11 For 11: Barbara Owen

Spinning Orange I, 2016, acrylic and ink on cut paper, 41” x 21”.


Suzanne Volmer

For Barbara Owen, whose threedimensional paper drawings have a vibrant energy and elegance, 2016 was a productive year in terms of exhibitions, and 2017 promises to be a banner year as well. She is an artist hitting her stride.

During a recent studio visit, Owen displayed an assortment of huge paper snarls that read as luxuriant bursts of glowing color, commanding attention like a tractor beam. One of these 3-D drawings was bright yellow and glowed from within, luminous like a sun; another was creamy opalescent, and a third seemed vermillion. These giant skein-like forms were pinned into place to form a wall-hung constellation accompanied by smaller black and midnight blue iterations. The particular sightline expressed an exuberance of three-dimensional line.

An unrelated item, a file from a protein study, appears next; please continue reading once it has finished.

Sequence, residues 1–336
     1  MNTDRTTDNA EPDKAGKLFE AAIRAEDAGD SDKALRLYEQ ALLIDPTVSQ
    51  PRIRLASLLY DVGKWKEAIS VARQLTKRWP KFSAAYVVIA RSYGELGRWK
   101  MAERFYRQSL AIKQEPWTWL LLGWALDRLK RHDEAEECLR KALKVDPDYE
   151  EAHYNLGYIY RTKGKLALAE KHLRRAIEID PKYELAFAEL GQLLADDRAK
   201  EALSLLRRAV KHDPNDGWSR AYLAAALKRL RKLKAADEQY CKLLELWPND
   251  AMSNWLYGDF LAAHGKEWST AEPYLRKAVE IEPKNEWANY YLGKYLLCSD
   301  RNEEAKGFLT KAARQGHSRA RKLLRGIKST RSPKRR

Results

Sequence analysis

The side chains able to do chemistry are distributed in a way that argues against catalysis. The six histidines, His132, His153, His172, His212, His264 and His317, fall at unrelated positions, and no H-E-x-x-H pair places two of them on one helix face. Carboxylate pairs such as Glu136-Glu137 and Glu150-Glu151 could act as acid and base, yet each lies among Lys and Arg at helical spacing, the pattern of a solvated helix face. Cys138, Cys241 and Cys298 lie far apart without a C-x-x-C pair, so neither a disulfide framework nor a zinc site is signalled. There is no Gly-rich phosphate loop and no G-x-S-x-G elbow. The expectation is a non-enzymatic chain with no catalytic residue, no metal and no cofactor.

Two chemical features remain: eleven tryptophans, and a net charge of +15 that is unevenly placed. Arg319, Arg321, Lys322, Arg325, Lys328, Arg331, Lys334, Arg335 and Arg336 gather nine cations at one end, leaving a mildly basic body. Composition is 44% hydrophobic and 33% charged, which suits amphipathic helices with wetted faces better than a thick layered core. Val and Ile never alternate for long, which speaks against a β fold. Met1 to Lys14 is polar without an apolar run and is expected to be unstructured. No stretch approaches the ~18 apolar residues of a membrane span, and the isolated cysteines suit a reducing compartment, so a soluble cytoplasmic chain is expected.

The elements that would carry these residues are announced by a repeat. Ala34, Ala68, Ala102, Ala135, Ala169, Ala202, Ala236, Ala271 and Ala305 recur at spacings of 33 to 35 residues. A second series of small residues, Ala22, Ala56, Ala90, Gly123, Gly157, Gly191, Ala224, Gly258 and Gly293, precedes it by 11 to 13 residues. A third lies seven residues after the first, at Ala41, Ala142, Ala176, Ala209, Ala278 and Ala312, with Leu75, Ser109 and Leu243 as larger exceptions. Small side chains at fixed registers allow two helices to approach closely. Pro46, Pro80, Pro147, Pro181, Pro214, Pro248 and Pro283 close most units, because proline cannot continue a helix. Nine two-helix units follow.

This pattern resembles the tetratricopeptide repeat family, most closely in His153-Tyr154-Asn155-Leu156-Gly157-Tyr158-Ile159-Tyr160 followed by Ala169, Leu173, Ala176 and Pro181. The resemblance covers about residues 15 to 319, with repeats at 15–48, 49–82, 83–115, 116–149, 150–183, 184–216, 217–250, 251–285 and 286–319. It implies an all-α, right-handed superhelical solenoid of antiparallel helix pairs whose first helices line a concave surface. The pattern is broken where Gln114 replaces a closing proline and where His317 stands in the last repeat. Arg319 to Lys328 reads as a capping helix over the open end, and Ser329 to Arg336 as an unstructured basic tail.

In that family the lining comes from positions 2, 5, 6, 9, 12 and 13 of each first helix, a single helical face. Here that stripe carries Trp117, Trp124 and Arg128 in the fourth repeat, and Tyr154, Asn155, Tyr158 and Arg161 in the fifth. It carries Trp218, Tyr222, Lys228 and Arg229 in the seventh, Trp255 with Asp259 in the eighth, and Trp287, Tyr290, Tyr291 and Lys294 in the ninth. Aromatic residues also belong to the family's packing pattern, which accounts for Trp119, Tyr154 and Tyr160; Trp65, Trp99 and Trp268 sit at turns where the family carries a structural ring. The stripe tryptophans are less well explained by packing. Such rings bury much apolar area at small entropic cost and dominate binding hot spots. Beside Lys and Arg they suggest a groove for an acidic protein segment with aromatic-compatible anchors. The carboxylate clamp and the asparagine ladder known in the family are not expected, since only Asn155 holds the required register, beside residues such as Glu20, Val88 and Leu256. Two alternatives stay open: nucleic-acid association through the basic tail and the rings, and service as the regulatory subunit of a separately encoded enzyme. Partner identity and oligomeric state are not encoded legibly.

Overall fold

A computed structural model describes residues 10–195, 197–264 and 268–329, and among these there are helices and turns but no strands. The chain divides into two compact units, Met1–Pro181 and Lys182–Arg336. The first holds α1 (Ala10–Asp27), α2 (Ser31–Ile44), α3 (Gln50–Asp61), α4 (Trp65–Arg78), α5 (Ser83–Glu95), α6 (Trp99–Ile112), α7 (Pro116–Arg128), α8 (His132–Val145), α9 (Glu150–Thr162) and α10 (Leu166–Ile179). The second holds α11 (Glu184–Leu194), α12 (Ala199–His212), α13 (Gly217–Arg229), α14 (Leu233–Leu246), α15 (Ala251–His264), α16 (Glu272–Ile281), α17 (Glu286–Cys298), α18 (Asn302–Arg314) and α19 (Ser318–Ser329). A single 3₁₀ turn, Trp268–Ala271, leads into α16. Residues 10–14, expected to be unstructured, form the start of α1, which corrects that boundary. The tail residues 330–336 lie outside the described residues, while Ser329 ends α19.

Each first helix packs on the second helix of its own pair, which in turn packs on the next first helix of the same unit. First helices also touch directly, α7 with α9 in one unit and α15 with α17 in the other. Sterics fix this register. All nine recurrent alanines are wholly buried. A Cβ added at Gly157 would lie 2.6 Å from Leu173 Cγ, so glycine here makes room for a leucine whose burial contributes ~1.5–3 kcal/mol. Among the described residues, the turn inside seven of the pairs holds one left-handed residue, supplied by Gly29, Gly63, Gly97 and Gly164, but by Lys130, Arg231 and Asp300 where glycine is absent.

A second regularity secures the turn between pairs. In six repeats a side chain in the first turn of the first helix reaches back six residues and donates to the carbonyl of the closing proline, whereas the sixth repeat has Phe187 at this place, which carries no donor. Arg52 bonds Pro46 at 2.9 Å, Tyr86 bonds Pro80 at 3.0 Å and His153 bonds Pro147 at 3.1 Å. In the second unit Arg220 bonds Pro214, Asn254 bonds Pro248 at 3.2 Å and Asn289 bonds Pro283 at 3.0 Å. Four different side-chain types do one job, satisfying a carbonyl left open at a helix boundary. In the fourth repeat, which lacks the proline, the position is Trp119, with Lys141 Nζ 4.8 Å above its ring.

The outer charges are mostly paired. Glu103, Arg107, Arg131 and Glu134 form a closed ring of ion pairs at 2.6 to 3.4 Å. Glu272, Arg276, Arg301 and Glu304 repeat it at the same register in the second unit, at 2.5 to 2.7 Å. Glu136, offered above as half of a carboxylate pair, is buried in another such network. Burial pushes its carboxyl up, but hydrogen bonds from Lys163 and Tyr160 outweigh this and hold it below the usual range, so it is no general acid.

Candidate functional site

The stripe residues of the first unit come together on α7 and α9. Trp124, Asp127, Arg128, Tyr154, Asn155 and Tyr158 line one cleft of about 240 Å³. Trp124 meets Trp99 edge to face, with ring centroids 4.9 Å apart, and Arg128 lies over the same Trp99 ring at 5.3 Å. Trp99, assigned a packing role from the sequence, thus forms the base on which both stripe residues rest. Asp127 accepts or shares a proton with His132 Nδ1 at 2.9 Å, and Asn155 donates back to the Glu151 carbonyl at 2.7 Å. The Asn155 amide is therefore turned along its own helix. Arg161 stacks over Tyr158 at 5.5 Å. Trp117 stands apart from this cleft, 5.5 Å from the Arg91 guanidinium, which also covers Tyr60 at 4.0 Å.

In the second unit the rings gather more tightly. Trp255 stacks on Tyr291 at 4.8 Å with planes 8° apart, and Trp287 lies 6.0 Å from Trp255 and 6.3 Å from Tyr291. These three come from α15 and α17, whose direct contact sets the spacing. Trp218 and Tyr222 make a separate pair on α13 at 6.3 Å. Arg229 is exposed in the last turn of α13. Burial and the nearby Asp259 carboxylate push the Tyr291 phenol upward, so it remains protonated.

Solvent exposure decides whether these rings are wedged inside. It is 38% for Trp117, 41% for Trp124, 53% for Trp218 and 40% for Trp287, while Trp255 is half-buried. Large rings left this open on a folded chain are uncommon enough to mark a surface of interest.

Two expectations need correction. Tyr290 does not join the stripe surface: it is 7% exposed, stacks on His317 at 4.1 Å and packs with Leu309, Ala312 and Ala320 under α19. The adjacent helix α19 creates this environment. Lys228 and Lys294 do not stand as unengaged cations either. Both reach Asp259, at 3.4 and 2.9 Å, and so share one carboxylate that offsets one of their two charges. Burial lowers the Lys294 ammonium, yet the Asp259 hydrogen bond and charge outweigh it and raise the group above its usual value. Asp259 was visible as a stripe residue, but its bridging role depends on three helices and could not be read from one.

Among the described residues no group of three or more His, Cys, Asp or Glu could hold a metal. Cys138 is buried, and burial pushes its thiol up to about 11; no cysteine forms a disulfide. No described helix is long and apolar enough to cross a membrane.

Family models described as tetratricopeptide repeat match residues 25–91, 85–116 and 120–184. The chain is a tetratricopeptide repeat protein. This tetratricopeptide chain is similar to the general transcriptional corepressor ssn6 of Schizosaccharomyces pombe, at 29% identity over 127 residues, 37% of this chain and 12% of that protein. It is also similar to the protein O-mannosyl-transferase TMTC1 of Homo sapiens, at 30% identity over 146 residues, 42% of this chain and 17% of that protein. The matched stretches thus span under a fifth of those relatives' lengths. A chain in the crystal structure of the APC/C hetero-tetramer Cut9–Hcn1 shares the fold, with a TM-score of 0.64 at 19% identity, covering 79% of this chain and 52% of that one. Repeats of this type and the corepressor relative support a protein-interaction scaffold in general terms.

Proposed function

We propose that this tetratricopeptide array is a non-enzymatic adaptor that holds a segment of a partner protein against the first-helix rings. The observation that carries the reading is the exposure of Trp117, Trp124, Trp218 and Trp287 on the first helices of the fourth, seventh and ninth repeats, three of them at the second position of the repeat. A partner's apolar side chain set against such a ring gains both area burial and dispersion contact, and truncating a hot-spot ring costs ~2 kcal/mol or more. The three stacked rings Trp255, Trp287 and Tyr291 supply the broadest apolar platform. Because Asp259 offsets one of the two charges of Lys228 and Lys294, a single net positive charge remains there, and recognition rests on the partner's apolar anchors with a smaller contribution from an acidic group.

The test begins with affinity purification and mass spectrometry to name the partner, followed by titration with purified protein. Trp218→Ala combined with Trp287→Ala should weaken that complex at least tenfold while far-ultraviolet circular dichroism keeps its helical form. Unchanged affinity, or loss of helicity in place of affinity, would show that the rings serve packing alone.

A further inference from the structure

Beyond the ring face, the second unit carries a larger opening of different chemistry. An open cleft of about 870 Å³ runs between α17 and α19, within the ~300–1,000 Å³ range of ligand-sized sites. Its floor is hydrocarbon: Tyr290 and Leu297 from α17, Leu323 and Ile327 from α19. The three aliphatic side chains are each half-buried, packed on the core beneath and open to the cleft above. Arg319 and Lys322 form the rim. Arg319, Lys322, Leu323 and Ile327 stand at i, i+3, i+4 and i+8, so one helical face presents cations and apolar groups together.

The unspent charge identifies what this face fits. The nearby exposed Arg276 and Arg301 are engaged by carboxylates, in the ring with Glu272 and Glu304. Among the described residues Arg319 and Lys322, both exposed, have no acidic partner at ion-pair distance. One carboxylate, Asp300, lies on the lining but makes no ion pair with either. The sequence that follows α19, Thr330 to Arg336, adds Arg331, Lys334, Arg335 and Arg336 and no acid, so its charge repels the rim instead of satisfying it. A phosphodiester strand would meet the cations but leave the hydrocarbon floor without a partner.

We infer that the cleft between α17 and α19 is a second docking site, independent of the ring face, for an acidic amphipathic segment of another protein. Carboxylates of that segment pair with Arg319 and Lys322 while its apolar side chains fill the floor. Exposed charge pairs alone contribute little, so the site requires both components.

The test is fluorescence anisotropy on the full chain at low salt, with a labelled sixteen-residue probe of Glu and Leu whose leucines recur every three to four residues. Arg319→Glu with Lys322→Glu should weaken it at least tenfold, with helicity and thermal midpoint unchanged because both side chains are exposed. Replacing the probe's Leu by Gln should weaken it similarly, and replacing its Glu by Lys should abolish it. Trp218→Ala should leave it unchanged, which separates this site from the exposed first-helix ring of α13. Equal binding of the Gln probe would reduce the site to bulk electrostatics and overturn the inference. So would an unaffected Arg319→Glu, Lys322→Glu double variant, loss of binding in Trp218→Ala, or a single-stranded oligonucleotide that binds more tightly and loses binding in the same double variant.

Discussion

Another exciting place my eyes settled during this studio visit happened to be on a stack of collage drawings piled in layers across the entire expanse of Owen’s work table. Arranged one on top of another, the flattened drawings seemed to convey other, different linear stories. The sheer quantity of these smaller collages nuanced the sense of my overall first impression.

Unmistakably, Owen’s work connects with the lineage of Henri Matisse’s “cut-out” period when he shaped pre-painted paper with scissors, creating large works that today are admired for their lyricism of line and gesture. Regarded as the father of Color-aid, Matisse’s idea to paint sheets of paper with color led to the development of the color-coded, silk-screened paper that artists use for convenience and control. He liked using painted expanses of paper to facilitate his vision. Color-aid just realized the commercial potential and developed into a product.

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